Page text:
Easy Day is putting together some incredible levels full of classic skating environments. This particular preview focused on the new downtown LA area—which was nice considering I won’t be headed there myself for E3 this year. As the camera swooped across the plaza between the Staples Center and the LA Convention Center, I was immediately taken back. It’s not necessarily recreated with a 1:1 accuracy (as I mentioned, they are trying to balance natural environments with making sure it’s fun to play in-game), but there was no mistaking multiple iconic areas, environments, and structures from downtown LA. Being given the freedom to set a starting pin virtually anywhere in the environment means you can take to trying out some of the most standout skate spots from a city crucial to skate culture.
One of the biggest elements to arise from Skater XL is something Easy Day couldn’t have even planned for. During its time in early access, a whole culture has sprung up around the game. It’s modding Discord channel is 50,000 members strong. Players have taken to learning Blender and other 3D-modeling software just to add to the game. Players have even created skateboarding videos, full digital magazines, fake brands, and other elements of skate culture found in the real world. The community aspect is as much, if not more, a part of skateboarding than the skating itself, so Easy Day was very excited to see the culture begin to naturally sprout from the platform they had created.
That platform will have four current skateboarding pros at launch: Evan Smith, Tom Asta, Brandon Westgate, and Tiago Lemos. Players can also create their own skater, again, offering that level of self-expressive nature that Easy Day wants to provide. Updates could add more pros down the line, and Easy Day has a “massive” wishlist of skaters they want to get involved. Along with each skater comes the support of popular brands like éS, DC, Santa Cruz, Element, New Balance, Primitive, and more. Grounding the game within this reality helps anchor the continued organic culture that then pops up with the game.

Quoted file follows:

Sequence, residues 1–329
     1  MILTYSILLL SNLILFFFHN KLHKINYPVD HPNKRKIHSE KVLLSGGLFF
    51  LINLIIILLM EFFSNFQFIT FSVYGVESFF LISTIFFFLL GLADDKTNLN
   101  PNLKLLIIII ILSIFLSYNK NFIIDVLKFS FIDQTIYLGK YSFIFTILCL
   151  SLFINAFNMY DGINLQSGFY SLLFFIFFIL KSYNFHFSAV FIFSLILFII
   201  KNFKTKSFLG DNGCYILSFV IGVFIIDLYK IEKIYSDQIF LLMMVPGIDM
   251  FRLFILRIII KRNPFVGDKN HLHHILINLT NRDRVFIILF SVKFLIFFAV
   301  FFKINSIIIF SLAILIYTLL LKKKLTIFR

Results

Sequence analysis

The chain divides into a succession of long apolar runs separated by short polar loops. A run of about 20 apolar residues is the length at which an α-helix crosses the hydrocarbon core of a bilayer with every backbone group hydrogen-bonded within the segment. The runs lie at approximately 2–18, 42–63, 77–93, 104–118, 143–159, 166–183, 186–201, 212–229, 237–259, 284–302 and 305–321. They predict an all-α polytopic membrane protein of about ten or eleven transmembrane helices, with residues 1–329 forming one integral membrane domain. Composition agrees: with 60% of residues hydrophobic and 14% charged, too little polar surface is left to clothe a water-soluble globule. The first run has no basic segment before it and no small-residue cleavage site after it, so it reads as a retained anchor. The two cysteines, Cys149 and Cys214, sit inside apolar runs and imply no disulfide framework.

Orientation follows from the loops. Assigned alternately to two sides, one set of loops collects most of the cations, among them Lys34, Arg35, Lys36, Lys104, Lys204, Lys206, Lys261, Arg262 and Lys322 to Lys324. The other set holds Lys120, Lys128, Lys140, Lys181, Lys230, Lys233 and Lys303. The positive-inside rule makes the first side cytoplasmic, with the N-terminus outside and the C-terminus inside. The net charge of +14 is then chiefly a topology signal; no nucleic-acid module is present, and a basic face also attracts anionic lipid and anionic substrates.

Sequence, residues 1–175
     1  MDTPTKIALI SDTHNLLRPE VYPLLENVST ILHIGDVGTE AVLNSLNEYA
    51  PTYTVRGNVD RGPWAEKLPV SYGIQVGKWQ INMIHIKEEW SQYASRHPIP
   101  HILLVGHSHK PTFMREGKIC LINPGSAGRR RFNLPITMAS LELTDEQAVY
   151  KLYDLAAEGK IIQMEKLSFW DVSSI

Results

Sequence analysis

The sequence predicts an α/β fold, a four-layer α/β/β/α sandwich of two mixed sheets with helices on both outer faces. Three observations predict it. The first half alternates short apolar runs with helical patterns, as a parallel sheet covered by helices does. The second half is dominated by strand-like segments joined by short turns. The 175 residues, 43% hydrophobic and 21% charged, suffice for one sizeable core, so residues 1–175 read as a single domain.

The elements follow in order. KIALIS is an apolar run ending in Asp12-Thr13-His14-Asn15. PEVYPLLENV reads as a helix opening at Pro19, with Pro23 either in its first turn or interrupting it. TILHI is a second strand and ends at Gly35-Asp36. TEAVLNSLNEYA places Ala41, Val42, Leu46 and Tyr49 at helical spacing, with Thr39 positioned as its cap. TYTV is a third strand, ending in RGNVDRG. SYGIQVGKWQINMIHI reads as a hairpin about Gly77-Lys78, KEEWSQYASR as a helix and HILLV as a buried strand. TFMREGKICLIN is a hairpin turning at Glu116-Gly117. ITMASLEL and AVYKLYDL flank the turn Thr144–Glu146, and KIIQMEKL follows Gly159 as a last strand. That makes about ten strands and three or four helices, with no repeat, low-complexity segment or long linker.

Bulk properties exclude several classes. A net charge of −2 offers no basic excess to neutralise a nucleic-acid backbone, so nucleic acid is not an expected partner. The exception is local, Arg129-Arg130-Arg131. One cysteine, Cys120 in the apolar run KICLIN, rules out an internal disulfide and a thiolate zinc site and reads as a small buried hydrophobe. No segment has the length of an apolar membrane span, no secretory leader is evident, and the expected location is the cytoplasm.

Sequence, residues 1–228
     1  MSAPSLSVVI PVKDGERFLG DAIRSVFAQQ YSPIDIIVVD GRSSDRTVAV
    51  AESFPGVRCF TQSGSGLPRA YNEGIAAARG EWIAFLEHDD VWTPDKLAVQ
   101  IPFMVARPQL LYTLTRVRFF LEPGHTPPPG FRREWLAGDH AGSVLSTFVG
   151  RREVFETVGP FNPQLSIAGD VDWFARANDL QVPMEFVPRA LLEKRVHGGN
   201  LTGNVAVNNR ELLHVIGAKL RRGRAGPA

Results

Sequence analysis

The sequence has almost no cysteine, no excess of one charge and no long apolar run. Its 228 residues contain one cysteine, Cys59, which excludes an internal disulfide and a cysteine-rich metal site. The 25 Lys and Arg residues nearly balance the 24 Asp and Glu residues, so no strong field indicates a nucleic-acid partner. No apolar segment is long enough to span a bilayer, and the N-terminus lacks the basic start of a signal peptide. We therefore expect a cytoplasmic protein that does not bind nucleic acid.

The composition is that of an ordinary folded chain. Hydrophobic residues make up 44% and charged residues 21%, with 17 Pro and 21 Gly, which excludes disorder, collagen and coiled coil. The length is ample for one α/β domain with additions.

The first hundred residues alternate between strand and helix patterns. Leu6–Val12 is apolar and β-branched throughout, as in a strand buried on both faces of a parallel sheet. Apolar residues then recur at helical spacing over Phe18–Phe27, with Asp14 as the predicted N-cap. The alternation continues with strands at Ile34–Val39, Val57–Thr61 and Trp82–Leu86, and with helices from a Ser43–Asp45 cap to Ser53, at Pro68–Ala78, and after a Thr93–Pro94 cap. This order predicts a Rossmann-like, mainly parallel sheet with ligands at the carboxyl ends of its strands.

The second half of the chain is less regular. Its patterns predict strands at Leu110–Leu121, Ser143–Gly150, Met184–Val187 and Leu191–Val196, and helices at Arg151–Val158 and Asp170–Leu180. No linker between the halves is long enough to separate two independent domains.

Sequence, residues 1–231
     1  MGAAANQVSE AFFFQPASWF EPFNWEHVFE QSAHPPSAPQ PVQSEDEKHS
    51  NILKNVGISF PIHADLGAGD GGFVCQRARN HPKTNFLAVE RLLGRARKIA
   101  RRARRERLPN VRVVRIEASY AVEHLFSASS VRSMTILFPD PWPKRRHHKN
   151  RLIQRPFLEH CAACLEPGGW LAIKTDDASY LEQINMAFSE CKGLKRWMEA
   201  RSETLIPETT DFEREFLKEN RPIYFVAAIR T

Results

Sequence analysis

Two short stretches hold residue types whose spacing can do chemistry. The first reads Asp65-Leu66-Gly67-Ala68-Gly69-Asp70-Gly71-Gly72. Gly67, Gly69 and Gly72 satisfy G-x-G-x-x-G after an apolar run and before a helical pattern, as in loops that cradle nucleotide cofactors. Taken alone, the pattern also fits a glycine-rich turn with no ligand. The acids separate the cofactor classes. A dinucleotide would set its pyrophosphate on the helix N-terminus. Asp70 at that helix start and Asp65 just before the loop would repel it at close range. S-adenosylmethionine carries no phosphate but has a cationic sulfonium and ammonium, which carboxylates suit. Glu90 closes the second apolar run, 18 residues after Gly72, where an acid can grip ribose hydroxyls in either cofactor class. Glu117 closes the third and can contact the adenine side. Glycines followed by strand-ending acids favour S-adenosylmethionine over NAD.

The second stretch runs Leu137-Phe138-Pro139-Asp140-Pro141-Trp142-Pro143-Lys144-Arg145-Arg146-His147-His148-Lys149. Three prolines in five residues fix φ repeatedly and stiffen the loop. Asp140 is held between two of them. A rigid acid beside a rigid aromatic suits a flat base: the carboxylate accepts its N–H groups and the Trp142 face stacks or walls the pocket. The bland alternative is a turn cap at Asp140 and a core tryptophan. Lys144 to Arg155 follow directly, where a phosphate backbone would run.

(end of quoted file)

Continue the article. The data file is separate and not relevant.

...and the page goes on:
Because our interest is obviously on the PlayStation side of things, I had to ask about the culture and creativity aspect on consoles. The PC-version of the game is much more free to see an expressive community, featuring modding with different levels, parks, and other content, but Sony specifically has a much more closed down system that prevents that same kind of freedom. Easy Day admitted that those were the exact conversations they were having, and while they couldn’t get into specifics, they are definitely looking into solutions for this aspect of the game for the console release.
Skater XL isn’t dropping in to be the next replacement to skateboarding games in general, but it does want to fill a certain void and re-spark the excitement for skateboarding games once again. If your history with the genre lies with Tony Hawk, Skater XL might be quite a bit different from the games you’re used to. It embraces the culture of skateboarding in a unique way that allows for individual player nuance and expressiveness, a wide sandbox of creativity where every single ollie, kickflip, and shove it is entirely your own.
Skater XL releases in July 2020 on PS4, Xbox One, Nintendo Switch, and its full release on PC.